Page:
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September 25, 2012
Children See, Children Do - Task 2
"Your task is no to complete a 'blog' entry which lists / identifies / explores all of the things you can do to positively influence behaviour for learning."
What you wear
- Clothes should be both appropriate for the workplace and worn properly. If a staff member walks around with their shirt out it'll only encourage pupils to do the same (or make them believe they'll have an excuse to).
- Think about colours/patterns. Even if they're suitably smart clothes (shirt/tie/etc..), something too gaudy may be seen as inappropriate.
- Potentially inadvisable for female staff to wear low-cut tops.
Your choice/use of language
- Don't use profanity or swear, as it could encourage similar behaviour in pupils.
- Don't use overly friendly/familiar language such as 'mate', etc.. as it breaks down the pupil-teacher professional relationship.
- You should try and use proper, correct English both when writing and speaking. Use correct terminology in the appropriate cases.
- You shouldn't let body language suggest that you're not motivated in class. If you're not motivated, why should your pupils be?
- Your body language shouldn't be too relaxed or casual, as the school is a place of professional employment.
- You should maintain eye contact when talking with both pupils and other staff members.
- You should try not to make off-hand gestures to people, as it may seem rude.
- You should always display a positive, motivated attitude both in the classroom and around the school.
- You should emulate the behavious you expect from pupils.
- You should try to convey a positive attitude and motivation through your speech.
- Don't let your tone become too bored/tired.
- You should try to speak enthusiastically, not in a monotone manner.
- You should speak loudly enough that your class can hear you, but should refrain from shouting.
- Try not to let your voice display particular anger or frustration.
- Be aware of both pupils and staff members' personal space; don't be too imposing.
- Don't get too close physically to pupils.
- Try to make sure you can be seen by people if alone in a classroom with a pupil.
- Be aware of fire/trip hazards and obstructions in your classroom.
- Be careful of others in crowded areas.
Relationships with other adults
- You should try and remain on good terms with all staff where possible.
- Where not possible, try not to let this show and certainly don't let it intefere with productivity in school.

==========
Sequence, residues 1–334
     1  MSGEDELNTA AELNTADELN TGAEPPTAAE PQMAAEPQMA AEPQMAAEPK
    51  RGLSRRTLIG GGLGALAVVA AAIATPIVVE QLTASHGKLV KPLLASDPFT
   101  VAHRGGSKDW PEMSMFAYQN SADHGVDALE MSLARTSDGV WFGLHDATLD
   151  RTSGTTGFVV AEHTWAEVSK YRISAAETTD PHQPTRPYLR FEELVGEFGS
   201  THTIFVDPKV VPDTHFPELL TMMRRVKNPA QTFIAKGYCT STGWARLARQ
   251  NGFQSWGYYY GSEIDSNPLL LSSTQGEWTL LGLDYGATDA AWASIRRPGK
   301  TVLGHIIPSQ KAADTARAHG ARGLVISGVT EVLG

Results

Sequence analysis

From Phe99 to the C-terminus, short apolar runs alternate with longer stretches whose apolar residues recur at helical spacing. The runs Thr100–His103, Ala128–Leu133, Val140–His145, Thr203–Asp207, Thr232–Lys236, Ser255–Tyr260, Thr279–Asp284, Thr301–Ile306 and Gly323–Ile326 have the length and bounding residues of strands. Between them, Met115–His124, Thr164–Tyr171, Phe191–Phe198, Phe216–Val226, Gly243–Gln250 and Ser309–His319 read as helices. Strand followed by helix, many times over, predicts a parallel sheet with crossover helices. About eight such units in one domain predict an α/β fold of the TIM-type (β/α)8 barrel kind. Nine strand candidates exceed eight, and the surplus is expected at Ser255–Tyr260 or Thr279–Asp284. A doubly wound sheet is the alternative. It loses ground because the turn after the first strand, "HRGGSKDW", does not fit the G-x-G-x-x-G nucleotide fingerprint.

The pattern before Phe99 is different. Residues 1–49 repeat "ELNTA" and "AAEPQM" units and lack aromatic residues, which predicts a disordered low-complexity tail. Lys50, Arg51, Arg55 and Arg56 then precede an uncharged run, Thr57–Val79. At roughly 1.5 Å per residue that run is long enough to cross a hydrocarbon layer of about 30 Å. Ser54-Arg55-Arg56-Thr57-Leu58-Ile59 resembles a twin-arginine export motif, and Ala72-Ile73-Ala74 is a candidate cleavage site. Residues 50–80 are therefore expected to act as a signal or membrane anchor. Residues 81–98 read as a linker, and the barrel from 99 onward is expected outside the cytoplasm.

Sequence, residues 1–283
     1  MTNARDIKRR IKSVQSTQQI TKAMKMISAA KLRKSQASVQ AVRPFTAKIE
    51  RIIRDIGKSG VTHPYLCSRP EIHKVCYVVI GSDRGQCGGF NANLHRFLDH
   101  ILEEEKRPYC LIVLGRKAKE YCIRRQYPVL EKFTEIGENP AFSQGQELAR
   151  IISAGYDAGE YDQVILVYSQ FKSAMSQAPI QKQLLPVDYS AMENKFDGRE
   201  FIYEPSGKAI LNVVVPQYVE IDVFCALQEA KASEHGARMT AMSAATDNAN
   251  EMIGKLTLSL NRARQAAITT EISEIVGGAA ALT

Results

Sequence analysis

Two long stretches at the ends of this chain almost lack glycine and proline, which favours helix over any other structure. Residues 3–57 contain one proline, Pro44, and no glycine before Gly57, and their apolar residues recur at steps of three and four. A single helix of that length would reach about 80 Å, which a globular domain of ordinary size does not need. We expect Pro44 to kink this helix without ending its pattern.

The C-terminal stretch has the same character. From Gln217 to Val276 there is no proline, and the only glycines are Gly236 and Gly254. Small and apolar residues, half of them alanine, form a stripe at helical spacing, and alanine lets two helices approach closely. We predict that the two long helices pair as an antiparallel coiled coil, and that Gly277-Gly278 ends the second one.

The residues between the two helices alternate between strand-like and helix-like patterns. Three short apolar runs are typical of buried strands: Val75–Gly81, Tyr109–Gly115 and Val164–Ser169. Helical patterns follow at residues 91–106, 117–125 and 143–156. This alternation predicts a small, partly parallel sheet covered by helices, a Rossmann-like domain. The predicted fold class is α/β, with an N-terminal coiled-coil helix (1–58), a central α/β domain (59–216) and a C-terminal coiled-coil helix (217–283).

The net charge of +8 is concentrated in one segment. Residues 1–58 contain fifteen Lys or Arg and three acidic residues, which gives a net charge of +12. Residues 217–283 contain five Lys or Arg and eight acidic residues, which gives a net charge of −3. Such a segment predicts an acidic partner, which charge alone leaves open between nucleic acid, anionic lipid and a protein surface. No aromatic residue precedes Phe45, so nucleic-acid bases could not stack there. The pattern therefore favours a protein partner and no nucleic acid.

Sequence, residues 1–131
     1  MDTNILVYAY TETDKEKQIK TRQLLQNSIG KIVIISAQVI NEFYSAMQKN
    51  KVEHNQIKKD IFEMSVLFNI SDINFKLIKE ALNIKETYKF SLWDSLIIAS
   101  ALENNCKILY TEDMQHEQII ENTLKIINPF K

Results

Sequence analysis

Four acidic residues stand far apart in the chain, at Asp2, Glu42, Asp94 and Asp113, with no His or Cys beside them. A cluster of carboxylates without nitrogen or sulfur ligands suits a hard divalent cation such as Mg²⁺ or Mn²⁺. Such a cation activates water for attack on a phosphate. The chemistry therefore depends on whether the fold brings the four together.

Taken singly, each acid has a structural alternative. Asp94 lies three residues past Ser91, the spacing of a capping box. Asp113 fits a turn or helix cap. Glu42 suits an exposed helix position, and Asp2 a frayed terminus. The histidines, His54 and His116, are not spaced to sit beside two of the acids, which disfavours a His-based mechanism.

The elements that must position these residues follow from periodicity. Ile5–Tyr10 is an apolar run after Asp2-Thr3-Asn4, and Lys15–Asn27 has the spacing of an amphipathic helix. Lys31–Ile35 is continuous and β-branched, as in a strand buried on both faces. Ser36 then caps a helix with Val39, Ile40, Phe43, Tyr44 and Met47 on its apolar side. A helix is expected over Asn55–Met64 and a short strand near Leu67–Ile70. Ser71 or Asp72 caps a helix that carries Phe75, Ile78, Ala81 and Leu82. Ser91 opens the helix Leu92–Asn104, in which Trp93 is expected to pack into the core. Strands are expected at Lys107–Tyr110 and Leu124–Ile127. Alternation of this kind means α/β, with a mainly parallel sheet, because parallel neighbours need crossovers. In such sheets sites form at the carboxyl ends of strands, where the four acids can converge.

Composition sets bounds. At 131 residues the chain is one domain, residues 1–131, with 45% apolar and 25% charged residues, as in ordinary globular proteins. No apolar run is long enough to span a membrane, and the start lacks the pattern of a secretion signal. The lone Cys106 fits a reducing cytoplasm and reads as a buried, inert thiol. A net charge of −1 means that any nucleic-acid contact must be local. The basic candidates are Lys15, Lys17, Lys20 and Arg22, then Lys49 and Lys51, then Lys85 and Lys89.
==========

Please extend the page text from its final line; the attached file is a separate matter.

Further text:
- If difficulties with other staff members arise, deal with them in a civil and appropriate manner as a role model for pupils.
- Make yourself available for parents, and be honest with them in regards to their child(ren).
Relationships with pupils
- Show respect for pupils.
- Try and build trusting, safe relationships with pupils.
- Support pupils when they need it.
- Be honest with pupils.
The 4R's - Task 1
"Upload your list to share with others. How do the rights and responsibities of the teacher compare with those of the pupil? Do the rights of the teacher / pupil correspond to the responsibilities matched to both? In what ways does this task serve to inform and or shape your approach to managing behaviour?"
Rights of a teacher
- To be respected by students and other staff members.
- To be allowed to teach in a manner most effective for students within the school's policy.
- To have their values and opinions heard by others.
- To be supported by their colleagues.
Responsibilities of a teacher
- To respects students and other staff members.
- To give students a safe learning environment and make adjustments for each student's individual needs.
- To uphold the school's policies.
- To act in the manner they expect students to act.
- To build strong, trusting relationships with staff and students.
- To challenge each student and push for their best.
Rights of a pupil
- To have a safe and suitable environment for learning that meets their individual needs to the best possible degree.
- To be respected as an individual by the staff and other students.
- To be able to learn and be listened to.
Responsibilities of a pupil
- To respect their fellow students and their staff.
- To allow and not in any way hinder the learning of other students.
- To follow the school rules and classroom contracts as outlined.
- To be willing to learn.
- To cooperate with others and strive for their best.
Many of the rights and responibilities I have listed correspond and overlap with each other. This is because for these to be upheld, cooperation is required and it must work as a two-way process maintained between all pupils and all staff members. The responsibilities and rules I have created using my values will guide me in what I believe I should expect from pupils, but more importantly how I should act if I want them to respond in kind. Reading others' lists works as an insight into what those with differing values may hold as more important, or where others may match my own. It is important to understand and respect the views of others and recognise that if I expect them to accept my right/responsibilities, then I must do likewise and accpect theirs.